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Discussion Starter #1 (Edited)
Well a good run in the Kona yesterday

Up to Sunderland from Mansfield to pick up a set of tyres from @STEVIANK for which I am very grateful (thats my summer miles sorted next year)

Then into the MetroCentre so SWMBO and Daughter 2 could empty my wallet

Got home from the 260 mile trip with just 10% left in the battery

Was patting myself on back for great economy, when daughter 1 announced she needed to be at Derby Station in an hours time 22 miles on dual carriageway and middle of rush hour

So off we set 10% and 24 miles on GOM and 22 to go

Nearest i have ever had to range anxiety in the Kona (there is a rapid next to station so knew i would be ok if i didn't kill it on way)

22miles later and 3% left on battery 7 miles on GOM Mr Turtle appeared as we pulled into the station

This car still amazes me. What a bit of kit it just never gives up

124430
 

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Impressive, how are the Autogreen tyres performing? I recall you saying they perform well in the wet, plenty of rain prove that recently. No economy penalty either based on your range?

Any downsides?
 

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Discussion Starter #3
Impressive, how are the Autogreen tyres performing? I recall you saying they perform well in the wet, plenty of rain prove that recently. No economy penalty either based on your range?

Any downsides?
They are very good in the wet, very noticeable compared to the Nexens, but the main benefit has been the change in the noise profile, much quieter and lower frequency noise pattern compared to the rather raspy high frequency noise from the Nexens.

There is definitely an Economy penalty tho with the Autogreens, I would say between 15 - 20 miles a charge less than the Nexens in the same conditions, somewhere between a 5 and 7% range loss I would say. Will be interesting to see if they improve as the tread pattern wears down, And I am running them with higher pressures as well now its winter 40psi cold which gives about 43psi when they are warmed up.
 

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There is definitely an Economy penalty tho with the Autogreens, I would say between 15 - 20 miles a charge less than the Nexens in the same conditions,
So with the Nexens and a little care/luck you'd probably not have needed the charge at the station. Interesting.
 

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Discussion Starter #6
So with the Nexens and a little care/luck you'd probably not have needed the charge at the station. Interesting.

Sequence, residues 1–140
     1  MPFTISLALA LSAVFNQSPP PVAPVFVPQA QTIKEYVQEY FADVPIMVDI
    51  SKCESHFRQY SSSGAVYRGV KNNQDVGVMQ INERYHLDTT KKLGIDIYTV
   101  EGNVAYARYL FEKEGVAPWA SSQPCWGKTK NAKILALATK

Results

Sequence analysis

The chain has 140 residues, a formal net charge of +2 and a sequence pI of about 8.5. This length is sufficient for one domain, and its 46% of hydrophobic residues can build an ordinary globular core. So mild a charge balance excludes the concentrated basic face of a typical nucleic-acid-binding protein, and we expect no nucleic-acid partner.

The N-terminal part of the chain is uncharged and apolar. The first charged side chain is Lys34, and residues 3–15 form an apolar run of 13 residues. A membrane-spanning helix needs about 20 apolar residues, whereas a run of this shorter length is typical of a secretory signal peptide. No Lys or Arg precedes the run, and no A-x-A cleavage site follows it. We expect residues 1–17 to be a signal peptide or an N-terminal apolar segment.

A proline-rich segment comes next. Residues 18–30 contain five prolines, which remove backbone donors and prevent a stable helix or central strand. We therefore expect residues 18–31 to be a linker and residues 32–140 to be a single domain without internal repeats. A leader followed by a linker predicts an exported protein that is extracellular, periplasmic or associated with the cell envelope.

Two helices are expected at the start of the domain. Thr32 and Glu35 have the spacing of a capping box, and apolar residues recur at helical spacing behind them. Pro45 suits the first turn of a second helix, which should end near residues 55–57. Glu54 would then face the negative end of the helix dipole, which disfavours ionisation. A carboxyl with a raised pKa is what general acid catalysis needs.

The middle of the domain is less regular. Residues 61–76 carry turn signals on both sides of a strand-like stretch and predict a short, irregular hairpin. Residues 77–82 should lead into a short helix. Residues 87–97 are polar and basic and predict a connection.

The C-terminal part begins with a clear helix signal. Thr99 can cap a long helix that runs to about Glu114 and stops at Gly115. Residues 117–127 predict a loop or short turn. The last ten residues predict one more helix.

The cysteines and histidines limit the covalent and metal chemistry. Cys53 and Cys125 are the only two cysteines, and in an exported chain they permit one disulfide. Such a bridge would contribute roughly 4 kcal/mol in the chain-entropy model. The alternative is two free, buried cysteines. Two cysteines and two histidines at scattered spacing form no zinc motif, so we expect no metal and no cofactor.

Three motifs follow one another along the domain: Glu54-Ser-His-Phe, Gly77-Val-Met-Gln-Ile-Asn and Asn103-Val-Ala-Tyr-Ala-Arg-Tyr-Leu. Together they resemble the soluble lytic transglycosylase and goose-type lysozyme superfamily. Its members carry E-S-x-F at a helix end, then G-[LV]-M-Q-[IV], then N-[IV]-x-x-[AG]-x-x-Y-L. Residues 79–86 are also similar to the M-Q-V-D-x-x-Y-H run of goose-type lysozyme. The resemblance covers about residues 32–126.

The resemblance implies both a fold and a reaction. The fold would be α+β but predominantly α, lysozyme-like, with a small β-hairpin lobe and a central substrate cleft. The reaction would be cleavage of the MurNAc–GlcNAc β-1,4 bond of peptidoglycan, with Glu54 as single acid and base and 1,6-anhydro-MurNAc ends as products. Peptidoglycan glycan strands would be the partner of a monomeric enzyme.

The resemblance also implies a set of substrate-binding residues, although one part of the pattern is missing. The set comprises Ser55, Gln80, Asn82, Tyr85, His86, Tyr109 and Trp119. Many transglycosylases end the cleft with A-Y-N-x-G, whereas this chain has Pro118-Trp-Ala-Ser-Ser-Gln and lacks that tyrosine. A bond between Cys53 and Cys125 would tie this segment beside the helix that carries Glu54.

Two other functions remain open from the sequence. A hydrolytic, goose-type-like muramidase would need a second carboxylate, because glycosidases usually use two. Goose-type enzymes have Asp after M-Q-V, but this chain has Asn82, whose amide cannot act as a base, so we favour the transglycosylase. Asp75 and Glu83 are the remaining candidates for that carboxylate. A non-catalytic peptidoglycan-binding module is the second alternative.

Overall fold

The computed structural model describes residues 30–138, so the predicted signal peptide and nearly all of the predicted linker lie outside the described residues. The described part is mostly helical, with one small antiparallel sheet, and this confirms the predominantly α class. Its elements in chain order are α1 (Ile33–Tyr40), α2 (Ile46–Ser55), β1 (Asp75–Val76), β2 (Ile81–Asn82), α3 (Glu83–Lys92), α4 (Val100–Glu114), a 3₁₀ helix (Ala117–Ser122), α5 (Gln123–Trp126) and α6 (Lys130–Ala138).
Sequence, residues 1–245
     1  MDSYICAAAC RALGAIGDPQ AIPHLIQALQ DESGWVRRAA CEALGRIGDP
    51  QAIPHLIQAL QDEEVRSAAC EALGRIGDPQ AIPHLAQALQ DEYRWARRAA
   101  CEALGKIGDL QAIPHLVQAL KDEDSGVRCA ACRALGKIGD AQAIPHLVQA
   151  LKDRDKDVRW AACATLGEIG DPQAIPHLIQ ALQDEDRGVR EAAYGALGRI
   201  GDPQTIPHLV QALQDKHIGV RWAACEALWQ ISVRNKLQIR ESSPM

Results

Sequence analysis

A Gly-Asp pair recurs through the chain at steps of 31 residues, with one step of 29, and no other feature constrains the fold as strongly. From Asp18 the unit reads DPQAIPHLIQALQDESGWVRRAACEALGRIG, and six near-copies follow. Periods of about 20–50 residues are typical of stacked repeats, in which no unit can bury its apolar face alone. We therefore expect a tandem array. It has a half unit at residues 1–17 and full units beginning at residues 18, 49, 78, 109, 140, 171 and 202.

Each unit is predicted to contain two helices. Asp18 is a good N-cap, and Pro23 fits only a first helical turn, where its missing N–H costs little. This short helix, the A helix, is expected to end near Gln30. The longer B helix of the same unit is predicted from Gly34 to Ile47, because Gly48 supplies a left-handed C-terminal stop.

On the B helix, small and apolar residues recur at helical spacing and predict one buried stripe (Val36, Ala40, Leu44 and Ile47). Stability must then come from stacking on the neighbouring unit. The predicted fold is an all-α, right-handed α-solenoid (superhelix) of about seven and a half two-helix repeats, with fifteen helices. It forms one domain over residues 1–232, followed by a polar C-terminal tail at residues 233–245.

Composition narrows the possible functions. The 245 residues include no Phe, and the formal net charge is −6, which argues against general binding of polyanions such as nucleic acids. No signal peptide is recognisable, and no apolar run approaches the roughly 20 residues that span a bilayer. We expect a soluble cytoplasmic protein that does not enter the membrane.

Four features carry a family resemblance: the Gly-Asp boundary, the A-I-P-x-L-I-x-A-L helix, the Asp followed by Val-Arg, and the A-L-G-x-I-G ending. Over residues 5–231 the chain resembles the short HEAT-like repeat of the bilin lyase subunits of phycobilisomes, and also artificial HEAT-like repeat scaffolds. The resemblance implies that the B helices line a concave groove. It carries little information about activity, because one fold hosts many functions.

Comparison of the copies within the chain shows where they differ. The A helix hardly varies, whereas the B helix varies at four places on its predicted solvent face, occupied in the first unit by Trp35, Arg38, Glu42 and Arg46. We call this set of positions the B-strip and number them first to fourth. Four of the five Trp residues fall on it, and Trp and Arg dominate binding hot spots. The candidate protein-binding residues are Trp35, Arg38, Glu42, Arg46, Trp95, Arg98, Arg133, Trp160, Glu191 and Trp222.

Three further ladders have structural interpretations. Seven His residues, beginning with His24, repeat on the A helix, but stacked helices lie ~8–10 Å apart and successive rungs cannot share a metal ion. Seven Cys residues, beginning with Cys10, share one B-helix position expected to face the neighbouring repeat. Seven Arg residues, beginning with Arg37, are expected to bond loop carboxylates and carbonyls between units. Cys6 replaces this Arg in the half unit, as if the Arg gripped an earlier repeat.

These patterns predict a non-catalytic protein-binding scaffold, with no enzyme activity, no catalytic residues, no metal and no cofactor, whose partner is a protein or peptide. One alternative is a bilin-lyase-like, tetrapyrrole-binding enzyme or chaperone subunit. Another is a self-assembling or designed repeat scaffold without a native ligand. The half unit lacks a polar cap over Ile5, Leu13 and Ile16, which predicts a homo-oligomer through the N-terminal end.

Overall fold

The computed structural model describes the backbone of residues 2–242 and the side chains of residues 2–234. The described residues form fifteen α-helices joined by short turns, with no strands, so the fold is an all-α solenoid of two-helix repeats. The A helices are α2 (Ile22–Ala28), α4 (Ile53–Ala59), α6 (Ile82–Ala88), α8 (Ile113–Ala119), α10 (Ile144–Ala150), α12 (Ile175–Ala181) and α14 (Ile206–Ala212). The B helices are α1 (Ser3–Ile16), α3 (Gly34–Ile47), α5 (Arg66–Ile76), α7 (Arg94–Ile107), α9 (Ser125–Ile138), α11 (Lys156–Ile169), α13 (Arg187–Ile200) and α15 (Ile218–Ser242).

I had already moderated my speed on the way back to ensure I made it home from Newcastle I think I counted the rust spots on the back of the Tesco truck in front multiple times),

if I had known D1 needed to go to Derby I would have come back from Newcastle quicker and stopped for a rapid charge on way back, but as it was clear I could make it home and not knowing I needed to go out again I was happy to dawdle home assuming the car would just sit then and charge overnight

one of the real plus points of big battery cars like the Kona that even with just 10% left it can still handle emergency and unplanned trips .
 

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The tyres you bought are a real bargain and more importantly seem to be of reasonable quality. The reduced range however costs money. About 5 to 10% less range depending on conditions? On a home charge that is an extra cost of perhaps 50p and on commercial chargers £1.50.

However as you point out they are quieter which is a price worth paying, given how noisy the Nexens are.
 

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Discussion Starter #9
The tyres you bought are a real bargain and more importantly seem to be of reasonable quality. The reduced range however costs money. About 5 to 10% less range depending on conditions? On a home charge that is an extra cost of perhaps 50p and on commercial chargers £1.50.

However as you point out they are quieter which is a price worth paying, given how noisy the Nexens are.
i totally agree on the extra cost and it’s something I am trying to monitor, will be interesting to see how it goes the nexens seemed to improve in economy as the tread went down so will be interesting to see how these go

does not matter how cheap they are to buy if they lose out a lot in range that costs money and time charging so makes them less attractive overall but as stated they have a much better noise profile and much better grip so swings and roundabouts.
 

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There is definitely an Economy penalty tho with the Autogreens, I would say between 15 - 20 miles a charge less than the Nexens in the same conditions, somewhere between a 5 and 7% range loss I would say.
I did a similar distance on Monday, 425km, SoC down to 13.0%, about 4.5% better range on Nexens. My total elevation gain was 3550m, yours 3230m (courtesy Google Earth Pro), ambient 22-28C, probably 90% @95kph SCC (very little traffic), you probably travelled faster, but had much more traffic to contend with - I'm guessing our average speeds were little different. You also had 3 in the car to my 1, though I have not got the impression that load makes much difference to the Kona.